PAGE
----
Android mobile devices are at risk of hacker attacks thanks to a software flaw in Qualcomm chipsets.
(CCM) — Roughly 900 million Android phones are vulnerable to being taken over by hackers due to a set of four recently discovered software flaws known as QuadRooter, security company Check Point announced today. A hacker can take over an affected phone using a malicious app that would need no special permissions to take advantage of the flaws, after which they would have unrestricted access to confidential data and passwords on the device. They would also have the ability to record video and audio on the device. Many popular Android phones are affected by this weakness, including Google's Nexus 5X, 6 and 6P, LG's G4, G5, and V10, Samsung's Galaxy S7 and S7 Edge, and OnePlus's One, 2, and 3.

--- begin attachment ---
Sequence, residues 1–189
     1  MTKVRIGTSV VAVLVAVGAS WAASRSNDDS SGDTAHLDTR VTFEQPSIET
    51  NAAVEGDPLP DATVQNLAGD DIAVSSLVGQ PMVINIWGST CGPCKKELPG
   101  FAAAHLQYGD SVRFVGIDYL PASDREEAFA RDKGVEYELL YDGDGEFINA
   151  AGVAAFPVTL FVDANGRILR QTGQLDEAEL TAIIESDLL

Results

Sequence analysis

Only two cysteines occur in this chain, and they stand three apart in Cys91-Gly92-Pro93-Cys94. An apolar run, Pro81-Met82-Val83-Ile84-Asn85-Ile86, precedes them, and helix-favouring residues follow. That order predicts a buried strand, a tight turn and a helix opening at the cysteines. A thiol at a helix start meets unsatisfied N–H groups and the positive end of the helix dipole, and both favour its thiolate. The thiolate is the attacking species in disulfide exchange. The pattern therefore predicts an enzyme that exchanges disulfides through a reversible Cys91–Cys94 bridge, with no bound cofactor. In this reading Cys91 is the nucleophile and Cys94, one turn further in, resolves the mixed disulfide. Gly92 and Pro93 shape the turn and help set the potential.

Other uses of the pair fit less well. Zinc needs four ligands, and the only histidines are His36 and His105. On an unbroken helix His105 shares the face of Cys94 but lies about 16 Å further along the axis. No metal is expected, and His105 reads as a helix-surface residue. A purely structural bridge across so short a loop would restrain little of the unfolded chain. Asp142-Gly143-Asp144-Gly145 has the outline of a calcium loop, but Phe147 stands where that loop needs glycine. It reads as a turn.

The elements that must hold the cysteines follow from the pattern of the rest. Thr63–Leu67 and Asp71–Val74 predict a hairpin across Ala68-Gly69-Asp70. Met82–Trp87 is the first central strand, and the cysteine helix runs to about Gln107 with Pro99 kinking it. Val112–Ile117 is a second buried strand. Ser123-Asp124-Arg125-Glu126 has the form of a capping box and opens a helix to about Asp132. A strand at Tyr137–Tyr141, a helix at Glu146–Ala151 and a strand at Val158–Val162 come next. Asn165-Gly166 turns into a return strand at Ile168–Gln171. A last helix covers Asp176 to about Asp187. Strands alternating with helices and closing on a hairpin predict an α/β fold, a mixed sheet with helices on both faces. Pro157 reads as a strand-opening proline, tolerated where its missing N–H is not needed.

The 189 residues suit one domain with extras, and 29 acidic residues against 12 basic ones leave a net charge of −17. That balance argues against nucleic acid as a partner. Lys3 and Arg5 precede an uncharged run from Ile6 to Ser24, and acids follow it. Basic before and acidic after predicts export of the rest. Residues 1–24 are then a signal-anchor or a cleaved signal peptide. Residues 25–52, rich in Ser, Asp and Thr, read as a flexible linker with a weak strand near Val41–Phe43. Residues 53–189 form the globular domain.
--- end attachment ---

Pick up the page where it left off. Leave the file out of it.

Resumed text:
The problem is caused by flaws in the software used by chipsets made by Qualcomm, the world's leading designer of LTE chipsets for phones. Since the software is pre-installed on devices by manufacturers, it can only be fixed by installing a patch supplied by the phone's distributor or carrier after they receive a fix from Qualcomm, said Adam Donenfeld, a member of Check Point's Mobile Research Team. "This situation highlights the inherent risks in the Android security model: critical security updates must pass through the entire supply chain before they can be made available to end users," he added.
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